Helen Mirren plays Elizabeth II, and Michael Sheen plays Tony Blair, in The Queen, an account of the aftermath of Princess Diana's death. (Sheen has played Blair before, in the Channel 4 UK TV drama The Deal, from the same director and writer as The Queen.)
Director Stephen Frears takes us inside Balmoral and Downing Street to show us the private reactions of the Windsor and Blair families. Plausibility is maintained throughout, and the script was reputedly based on interviews with people closely connected to the real events. The Queen is stoical (maintaining the traditional British stiff upper lip), whereas Blair recognises that an emotional connection with the public is necessary. Against the advice of his wife and press secretary, Blair persuades the Queen to bow to tabloid pressure and pay tribute to Diana.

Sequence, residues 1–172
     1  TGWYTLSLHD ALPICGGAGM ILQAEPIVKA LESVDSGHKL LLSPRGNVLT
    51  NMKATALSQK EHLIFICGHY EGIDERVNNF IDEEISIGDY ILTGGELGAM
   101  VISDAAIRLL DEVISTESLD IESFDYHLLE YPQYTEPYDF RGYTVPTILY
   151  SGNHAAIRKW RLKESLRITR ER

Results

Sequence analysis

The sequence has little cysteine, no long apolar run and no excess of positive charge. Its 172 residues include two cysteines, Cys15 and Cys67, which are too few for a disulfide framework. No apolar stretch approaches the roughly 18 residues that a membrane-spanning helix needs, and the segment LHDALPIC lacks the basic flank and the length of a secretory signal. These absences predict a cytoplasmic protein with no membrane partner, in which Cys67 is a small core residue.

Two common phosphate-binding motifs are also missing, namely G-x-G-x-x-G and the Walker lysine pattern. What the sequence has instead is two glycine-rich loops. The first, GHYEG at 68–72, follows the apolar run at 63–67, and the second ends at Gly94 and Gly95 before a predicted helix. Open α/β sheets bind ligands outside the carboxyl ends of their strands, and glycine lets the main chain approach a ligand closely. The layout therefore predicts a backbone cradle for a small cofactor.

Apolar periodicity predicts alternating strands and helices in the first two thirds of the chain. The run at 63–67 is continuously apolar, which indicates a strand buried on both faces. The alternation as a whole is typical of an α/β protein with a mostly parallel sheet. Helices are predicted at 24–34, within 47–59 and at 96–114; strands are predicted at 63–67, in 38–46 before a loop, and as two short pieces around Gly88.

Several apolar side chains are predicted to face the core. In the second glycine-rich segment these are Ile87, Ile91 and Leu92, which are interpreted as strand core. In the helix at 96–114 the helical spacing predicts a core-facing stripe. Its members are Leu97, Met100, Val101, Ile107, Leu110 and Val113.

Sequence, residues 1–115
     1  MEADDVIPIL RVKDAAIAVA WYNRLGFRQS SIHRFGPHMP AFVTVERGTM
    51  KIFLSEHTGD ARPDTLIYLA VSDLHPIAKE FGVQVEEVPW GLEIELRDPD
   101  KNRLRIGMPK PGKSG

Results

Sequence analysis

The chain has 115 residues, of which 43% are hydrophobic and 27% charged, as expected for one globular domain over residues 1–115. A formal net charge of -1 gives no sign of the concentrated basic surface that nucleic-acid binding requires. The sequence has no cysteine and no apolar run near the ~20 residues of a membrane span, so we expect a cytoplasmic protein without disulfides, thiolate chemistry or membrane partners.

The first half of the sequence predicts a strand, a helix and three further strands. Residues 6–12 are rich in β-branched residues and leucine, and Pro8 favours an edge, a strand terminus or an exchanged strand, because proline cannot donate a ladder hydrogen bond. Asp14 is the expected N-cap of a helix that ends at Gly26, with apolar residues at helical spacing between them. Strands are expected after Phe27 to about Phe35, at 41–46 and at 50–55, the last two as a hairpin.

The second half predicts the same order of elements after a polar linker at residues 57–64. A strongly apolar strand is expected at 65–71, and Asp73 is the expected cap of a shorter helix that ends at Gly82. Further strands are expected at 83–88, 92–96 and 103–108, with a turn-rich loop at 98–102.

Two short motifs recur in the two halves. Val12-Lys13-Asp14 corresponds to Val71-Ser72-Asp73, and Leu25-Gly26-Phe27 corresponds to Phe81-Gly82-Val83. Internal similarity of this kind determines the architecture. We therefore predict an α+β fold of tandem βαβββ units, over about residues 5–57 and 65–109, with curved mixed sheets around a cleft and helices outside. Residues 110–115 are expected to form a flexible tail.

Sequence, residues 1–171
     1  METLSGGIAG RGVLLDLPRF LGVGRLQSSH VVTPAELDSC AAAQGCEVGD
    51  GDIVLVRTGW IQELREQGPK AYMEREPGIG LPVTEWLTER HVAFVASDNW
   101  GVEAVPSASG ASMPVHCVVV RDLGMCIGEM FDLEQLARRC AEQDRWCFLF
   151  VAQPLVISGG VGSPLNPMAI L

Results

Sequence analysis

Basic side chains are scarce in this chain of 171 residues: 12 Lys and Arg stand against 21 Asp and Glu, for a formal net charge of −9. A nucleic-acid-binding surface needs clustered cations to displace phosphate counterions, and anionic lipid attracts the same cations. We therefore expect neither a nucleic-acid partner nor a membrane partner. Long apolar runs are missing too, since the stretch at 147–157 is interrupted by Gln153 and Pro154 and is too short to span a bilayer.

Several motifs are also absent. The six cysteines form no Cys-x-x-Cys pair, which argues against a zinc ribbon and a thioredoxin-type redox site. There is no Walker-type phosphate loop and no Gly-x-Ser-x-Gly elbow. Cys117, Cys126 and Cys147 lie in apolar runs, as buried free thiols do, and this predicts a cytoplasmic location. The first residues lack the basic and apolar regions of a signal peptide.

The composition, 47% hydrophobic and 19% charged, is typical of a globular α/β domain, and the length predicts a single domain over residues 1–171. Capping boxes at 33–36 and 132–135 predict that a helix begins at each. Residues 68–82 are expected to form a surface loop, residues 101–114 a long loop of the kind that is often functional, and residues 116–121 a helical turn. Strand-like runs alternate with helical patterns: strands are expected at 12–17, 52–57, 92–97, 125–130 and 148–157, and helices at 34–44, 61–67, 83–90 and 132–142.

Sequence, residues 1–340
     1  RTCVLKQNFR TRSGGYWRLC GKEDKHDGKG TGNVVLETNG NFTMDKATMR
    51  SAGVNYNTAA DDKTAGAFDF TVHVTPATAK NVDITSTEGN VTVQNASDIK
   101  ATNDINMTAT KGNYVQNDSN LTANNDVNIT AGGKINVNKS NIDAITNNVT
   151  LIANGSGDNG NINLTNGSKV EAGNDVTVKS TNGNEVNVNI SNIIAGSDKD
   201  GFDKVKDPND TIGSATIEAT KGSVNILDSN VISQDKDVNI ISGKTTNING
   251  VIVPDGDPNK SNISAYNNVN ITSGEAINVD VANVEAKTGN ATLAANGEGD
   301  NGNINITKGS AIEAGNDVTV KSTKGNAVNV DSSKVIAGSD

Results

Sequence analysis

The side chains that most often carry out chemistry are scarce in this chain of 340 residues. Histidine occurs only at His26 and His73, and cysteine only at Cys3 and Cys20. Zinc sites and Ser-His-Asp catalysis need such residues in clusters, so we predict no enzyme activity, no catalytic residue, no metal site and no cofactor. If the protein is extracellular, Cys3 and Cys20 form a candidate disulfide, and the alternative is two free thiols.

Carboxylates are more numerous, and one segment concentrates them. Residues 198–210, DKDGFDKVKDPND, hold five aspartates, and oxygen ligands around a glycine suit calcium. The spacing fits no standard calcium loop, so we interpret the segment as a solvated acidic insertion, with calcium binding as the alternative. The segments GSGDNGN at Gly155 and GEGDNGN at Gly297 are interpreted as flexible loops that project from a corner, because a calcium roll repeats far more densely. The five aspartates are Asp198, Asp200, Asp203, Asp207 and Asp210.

Living in Thailand gives a new perspective on royalty. Thai people are proud of their King and royal family, and public criticism of them is perhaps Thai society's greatest taboo. It would be impossible to make a film like this in Thailand about the Thai monarch, and I am even slightly surprised that it was made in England so soon after Diana's death, with Elizabeth II and Blair both still in power.